• Include a range of assignment formats e.g., report, poster, presentation, web-conference, blog posts, book/webpage review etc and combinations of formats
  • Include partially pre-prepared tasks with very short deadlines, e.g., case study analysis, application of methodology to data, curating material for exhibition or conference to be completed in 24 hours etc
  • Restrict the number of sources that can be used in an assignment and encourage students to use the reading list (you will also be more familiar with the content of those and easily spot plagiarism)
  • Ask students to show their working, e.g. include drafts, copies of sources etc

Use university regulations consistently

Useful References:

Carroll, J. (2013). A Handbook for Deterring Plagiarism in Higher Education (2nd ed.). Oxford: Oxford Centre for Staff and Learning Development.

Ledwith, A., & Rísquez, A. (2008). Using anti-plagiarism software to promote academic honesty in the context of peer reviewed assignments. Studies in Higher Education, 33(4), 371–384. https://doi.org/10.1080/03075070802211562

Rogerson, A. M., & McCarthy, G. (2017). Using Internet based paraphrasing tools: Original work, patchwriting or facilitated plagiarism? International Journal for Educational Integrity, 13(2). https://doi.org/10.1007/s40979-016-0013-y

Walker, J. (2010). Measuring plagiarism: researching what students do, not what they say they do. Studies in Higher Education, 35(1), 41–59. https://doi.org/10.1080/03075070902912994

Warn, J. (2006). Plagiarism software: no magic bullet! Higher Education Research & Development, 25(2), 195–208. https://doi.org/10.1080/07294360600610438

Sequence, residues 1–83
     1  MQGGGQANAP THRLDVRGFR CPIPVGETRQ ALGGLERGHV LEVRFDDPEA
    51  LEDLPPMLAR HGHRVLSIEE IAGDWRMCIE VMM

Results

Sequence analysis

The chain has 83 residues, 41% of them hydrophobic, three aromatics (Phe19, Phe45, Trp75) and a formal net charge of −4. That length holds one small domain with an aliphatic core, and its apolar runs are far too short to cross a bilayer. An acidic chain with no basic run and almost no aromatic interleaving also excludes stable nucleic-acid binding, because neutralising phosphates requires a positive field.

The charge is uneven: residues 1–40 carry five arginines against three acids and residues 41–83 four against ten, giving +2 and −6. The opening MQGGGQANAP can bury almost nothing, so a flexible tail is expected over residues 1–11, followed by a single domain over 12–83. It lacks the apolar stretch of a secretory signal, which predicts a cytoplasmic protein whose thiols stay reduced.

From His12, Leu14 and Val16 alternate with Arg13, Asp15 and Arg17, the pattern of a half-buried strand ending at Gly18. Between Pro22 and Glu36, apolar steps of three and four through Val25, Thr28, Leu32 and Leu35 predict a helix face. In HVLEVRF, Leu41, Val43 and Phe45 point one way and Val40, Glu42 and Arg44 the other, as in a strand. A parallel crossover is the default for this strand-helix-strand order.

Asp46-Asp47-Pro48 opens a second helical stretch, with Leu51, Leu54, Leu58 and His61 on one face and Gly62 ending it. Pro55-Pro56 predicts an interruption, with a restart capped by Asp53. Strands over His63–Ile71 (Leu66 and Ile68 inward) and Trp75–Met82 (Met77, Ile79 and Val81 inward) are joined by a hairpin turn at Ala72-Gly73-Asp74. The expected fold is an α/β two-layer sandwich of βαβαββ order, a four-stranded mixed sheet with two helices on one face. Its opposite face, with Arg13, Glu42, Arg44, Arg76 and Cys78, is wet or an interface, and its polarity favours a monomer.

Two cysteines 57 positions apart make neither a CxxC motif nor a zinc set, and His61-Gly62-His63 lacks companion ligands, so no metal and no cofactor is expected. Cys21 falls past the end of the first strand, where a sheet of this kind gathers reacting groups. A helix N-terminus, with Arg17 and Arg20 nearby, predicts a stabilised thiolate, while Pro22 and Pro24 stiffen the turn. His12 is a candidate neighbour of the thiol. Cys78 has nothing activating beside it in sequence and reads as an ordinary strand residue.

Youmans, R. J. (2011). Does the adoption of plagiarism-detection software in higher education reduce plagiarism? Studies in Higher Education, 36(7), 749–761. https://doi.org/10.1080/03075079.2010.523457

Universal Design for Learning

Universal Design for Learning is a set of principles that help tutors when designing learning activities. These principles enable all students to engage and participate fully in their learning. The UDL principles from the CAST site are illustrated below:


















Image from CAST http://www.cast.org/udl/index.html

These principles are an effective way to embed accessibility into learning, but particularly online learning. Including a range of resources, a range of activities and a range of ways for students to engage seems to make good sense for students with disabilities, international students, students with different prior educational experiences, etc. Some examples for online activities that apply UDL:

  • Multiple means of representation: online, recorded, multimedia, digital resources as well as face-to-face delivery of content.
  • Multiple means of action and expression: online individual and group tasks, wikis, Padlet. Student negotiated e-assessment.
  • Multiple means of engagement: blended learning, active-based learning, student generated content

What is Transformative Digital Learning?